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Media Companies Blast the FBI After It Created Fake News Site To Catch Suspect

November 2, 2014  |  Posted by: Giovanni DePhillips
Media Companies Blast the FBI After It Created Fake News Site To Catch Suspect Image courtesy of nypost.com

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The FBI has come under scrutiny from media organizations after reports surfaced that it created a fake news website to track down a suspect in a bomb threat case.

Documents reveal that the FBI created a fake Associated Press news article that appeared to be published to be in the Seattle Times, in order to trick the suspect to install malware, which would enable them to locate the suspect’s whereabouts..

The incident took place in 2007, but the documents surfaced this week after a member of the American Civil Liberties Union tweeted a link to the case file on Monday.

“The FBI impersonating the press is just as irresponsible as the CIA running fake immunization programs. Completely unacceptable,” said ACLU researcher Christopher Soghoian in revealing the documents.

The news prompted an angry response from the Associated Press and Seattle Times.

“We are extremely concerned and find it unacceptable that the FBI misappropriated the name of The Associated Press and published a false story attributed to AP,” said Paul Colford, a spokesman for the news agency, said in a statement to AFP.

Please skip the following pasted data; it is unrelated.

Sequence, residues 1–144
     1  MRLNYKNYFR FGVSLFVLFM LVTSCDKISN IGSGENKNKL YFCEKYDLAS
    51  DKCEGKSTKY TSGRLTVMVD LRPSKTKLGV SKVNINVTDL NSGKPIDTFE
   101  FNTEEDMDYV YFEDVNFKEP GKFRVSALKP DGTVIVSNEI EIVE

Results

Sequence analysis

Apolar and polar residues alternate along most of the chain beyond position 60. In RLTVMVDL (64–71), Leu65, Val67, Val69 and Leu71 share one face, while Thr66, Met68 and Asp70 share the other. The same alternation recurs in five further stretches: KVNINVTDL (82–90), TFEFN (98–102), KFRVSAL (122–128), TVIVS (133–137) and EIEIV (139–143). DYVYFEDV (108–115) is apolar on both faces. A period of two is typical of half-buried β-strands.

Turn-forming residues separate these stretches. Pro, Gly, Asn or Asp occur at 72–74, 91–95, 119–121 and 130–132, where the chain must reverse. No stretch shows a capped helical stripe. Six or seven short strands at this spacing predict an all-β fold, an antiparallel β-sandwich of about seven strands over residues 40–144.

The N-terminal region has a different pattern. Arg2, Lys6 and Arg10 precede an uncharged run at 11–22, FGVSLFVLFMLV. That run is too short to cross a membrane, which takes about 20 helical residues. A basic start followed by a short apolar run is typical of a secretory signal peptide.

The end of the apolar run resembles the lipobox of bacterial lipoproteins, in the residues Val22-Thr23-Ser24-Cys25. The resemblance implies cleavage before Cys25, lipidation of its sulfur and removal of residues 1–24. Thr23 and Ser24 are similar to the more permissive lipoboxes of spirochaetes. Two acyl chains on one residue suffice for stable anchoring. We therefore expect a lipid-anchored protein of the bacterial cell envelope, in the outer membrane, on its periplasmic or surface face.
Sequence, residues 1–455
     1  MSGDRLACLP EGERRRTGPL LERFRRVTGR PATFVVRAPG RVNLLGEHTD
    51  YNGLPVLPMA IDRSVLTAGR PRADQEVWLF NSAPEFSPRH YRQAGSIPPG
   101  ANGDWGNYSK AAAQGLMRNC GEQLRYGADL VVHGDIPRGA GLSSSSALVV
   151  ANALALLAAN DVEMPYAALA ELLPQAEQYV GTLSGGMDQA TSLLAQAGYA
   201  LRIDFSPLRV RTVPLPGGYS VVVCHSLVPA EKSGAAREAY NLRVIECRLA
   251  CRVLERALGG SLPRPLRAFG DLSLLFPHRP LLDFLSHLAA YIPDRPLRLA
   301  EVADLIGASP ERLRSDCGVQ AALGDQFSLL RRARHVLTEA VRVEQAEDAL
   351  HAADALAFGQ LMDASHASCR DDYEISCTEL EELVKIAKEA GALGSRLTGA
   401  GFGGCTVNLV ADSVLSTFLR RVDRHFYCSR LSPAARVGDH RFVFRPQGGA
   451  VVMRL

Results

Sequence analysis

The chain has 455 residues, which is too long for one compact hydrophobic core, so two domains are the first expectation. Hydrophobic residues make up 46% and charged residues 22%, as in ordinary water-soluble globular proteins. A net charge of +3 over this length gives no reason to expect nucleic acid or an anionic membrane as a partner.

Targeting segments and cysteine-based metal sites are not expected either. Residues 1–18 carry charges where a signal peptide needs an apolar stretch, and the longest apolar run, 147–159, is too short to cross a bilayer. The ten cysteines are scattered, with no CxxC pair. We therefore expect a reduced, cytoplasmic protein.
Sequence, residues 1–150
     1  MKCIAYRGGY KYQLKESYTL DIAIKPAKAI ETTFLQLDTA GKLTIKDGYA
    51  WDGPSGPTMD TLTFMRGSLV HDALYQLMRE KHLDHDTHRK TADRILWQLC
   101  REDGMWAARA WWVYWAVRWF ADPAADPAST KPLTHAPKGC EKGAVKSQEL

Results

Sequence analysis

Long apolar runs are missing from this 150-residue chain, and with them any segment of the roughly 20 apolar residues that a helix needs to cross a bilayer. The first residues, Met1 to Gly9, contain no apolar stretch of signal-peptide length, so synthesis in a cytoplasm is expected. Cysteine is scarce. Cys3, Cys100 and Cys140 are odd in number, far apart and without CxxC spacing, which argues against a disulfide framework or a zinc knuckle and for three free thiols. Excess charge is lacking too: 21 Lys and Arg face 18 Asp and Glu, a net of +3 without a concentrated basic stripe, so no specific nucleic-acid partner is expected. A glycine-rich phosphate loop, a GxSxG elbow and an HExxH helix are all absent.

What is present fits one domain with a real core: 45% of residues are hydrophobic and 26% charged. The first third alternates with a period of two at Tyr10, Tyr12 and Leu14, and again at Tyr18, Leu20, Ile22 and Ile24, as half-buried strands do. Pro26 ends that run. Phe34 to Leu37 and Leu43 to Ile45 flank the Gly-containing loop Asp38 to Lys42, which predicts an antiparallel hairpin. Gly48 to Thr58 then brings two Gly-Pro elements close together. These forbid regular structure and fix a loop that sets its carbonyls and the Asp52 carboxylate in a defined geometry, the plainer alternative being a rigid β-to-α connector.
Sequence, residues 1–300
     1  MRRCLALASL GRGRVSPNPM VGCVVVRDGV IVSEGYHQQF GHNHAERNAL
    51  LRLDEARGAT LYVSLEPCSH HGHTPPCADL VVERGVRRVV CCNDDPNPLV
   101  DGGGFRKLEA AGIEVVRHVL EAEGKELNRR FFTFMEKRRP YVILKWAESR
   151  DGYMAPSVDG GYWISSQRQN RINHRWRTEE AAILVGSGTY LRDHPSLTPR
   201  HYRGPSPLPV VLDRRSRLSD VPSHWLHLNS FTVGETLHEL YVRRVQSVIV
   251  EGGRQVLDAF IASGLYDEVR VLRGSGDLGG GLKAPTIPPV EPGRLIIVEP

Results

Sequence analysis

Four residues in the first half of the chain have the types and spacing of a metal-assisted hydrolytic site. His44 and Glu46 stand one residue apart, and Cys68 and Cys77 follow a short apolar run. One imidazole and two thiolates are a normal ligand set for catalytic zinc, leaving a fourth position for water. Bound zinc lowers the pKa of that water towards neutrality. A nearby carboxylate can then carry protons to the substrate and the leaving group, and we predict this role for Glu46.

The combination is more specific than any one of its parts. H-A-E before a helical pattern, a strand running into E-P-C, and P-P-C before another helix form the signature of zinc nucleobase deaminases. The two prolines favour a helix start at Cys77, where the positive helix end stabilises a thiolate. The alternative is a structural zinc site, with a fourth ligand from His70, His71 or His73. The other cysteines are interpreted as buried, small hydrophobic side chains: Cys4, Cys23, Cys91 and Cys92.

“This ploy violated AP’s name and undermined AP’s credibility.”

Seattle Times editor Kathy Best said the newspaper was “outraged” by the incident.

“Not only does that cross a line, it erases it,” she said in a statement in the daily.

The newspaper’s editorial board went further on Tuesday, saying the FBI action is an affront to a free press.

“The laudable end — conviction of a student making school bomb threats — does not justify the government’s outrageous disregard of the role of the press in a free society,” the editorial said.

“In fact, it utterly undermines that role at a time when media companies are struggling to remain strong in the face of government abuses over the last two presidential administrations.”

Information revealed that the FBI, in trying to locate the bomb threat suspect at a Seattle area high school, sent a link to the article to the suspect’s MySpace account.

By posting the article about the suspect, the Feds believed he would click on the link, which would have installed the malware to allow the agency to locate him.

The FBI maintains they did not use the name of the Seattle Times, even though the fake website resembled the newspaper.

In a written statement, FBI agent Frank Montoya said, :Every effort we made in this investigation had the goal of preventing a tragic event like what happened at Marysville and Seattle Pacific University.”

He added that this technique is used “in very rare circumstances and only when there is sufficient reason to believe it could be successful in resolving a threat. We were fortunate that information provided by the public gave us the opportunity to step in to a potentially dangerous situation before it was too late.”

Trevor Timm at the Freedom of the Press Foundation said the case raises questions about how frequently have federal law enforcement have actually used this tactic..

“How often have US law enforcement agencies impersonated news organizations to send malware to suspects?” Timm said in a blog post.

“What other news organizations have they pretended to be? And how do they prevent innocent readers from clicking on these malicious links? We call on the FBI and Justice Department to condemn this sleazy tactic and make sure the US government never again impersonates a news organization.”

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